Calculation Problem Again

tgs at cunyvms1.gc.cuny.edu tgs at cunyvms1.gc.cuny.edu
Sun Oct 30 20:52:12 MST 1994


Questions:
What about their being embedded in a market makes inapplicable the planning
that goes on WITHIN huge corporations  who have huge monopolies over that
market?  It is McNally's/Mandel's contention, I believe, that very little
of the vaunted market rationality enters into these internal relations.
These corporatations make their estimations on how much previous demand
has emptied the shelves.  So previous demand is the ticket in our corporate
economy as well (This was the contention of my professor Robert Engler,
who has written two books on the oil corporations: we already have planning
in the late, corporate capitalist economy; the question is no longer whether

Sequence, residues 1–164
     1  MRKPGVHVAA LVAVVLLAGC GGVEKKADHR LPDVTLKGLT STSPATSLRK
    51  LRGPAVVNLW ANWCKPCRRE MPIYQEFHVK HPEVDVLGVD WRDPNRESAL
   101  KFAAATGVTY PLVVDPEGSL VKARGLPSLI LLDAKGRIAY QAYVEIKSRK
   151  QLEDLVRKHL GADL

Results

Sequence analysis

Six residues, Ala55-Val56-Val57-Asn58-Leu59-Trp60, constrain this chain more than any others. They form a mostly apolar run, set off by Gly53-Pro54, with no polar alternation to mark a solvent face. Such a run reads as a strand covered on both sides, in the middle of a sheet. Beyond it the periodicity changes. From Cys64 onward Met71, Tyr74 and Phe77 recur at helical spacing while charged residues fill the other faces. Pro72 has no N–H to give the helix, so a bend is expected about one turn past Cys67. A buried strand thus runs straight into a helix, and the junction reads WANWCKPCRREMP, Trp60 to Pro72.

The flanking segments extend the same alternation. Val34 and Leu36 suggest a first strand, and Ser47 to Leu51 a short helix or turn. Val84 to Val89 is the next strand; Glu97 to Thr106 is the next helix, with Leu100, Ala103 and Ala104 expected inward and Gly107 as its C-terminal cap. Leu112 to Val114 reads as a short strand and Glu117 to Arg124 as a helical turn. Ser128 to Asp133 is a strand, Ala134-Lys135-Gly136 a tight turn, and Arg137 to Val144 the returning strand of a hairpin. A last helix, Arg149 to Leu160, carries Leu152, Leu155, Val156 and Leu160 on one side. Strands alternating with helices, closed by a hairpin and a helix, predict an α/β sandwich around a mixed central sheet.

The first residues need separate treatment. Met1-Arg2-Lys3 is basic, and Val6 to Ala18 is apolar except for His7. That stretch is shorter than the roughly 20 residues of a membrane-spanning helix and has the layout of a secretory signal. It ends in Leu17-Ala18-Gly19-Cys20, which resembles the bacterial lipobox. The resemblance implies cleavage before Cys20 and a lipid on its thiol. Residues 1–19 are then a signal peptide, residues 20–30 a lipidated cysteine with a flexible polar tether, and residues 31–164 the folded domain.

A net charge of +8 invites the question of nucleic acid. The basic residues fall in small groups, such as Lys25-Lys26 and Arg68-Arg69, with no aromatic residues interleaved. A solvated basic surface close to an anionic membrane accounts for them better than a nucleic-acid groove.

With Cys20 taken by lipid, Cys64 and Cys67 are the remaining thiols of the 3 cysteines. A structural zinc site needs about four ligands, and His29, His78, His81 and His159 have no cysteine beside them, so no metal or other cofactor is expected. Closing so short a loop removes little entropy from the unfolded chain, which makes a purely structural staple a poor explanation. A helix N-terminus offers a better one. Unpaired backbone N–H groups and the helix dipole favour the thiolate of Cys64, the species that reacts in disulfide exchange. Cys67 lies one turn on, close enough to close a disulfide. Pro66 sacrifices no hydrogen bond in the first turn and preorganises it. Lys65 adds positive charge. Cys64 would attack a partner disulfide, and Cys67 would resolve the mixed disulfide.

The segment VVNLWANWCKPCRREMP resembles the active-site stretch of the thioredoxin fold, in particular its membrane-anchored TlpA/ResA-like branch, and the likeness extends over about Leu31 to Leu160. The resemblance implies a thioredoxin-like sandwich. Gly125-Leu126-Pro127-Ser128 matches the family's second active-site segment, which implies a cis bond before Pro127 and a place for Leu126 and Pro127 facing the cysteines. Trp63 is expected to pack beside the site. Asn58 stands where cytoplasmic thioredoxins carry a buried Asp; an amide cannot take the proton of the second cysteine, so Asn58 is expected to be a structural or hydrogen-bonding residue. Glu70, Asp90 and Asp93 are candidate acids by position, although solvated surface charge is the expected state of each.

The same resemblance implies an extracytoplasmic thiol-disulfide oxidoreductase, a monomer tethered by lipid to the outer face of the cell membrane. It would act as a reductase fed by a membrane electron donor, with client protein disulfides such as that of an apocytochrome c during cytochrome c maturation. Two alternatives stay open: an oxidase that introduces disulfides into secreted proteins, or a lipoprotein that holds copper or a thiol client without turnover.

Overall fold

to plan, but instead, WHO plans).

We have computers now that can coordinate the fit between group political
consciousness and individual desires.

Why can't we program in plans for a glut on every item, so that scarcity is
not a problem?  Are you not assuming that the artificial scarcities produced
by capitalism will still be with us under socialism?

What is it about the market, exactly, that makes it superior in dealing with
these problems? If you want built-in, structural insensitivity to human needs,
you have no further to look than the market system, which manages to
factor out such luxuries as basic human survival for everybody, not to mentino
the basic need not to be exploited--which is an essential feature of the
market as discussed by McNally, a point you have not yet addressed.

My feeling, now as before, is that these objections are challenges worth
tackling, not reasons for going back to the disease.  Under Bolshevism, which
aimed to get all trade under its immediate control, which spawned a huge
bureaucracy because input from below was discouraged, the cure was worse than
malaria.  But there is another way.


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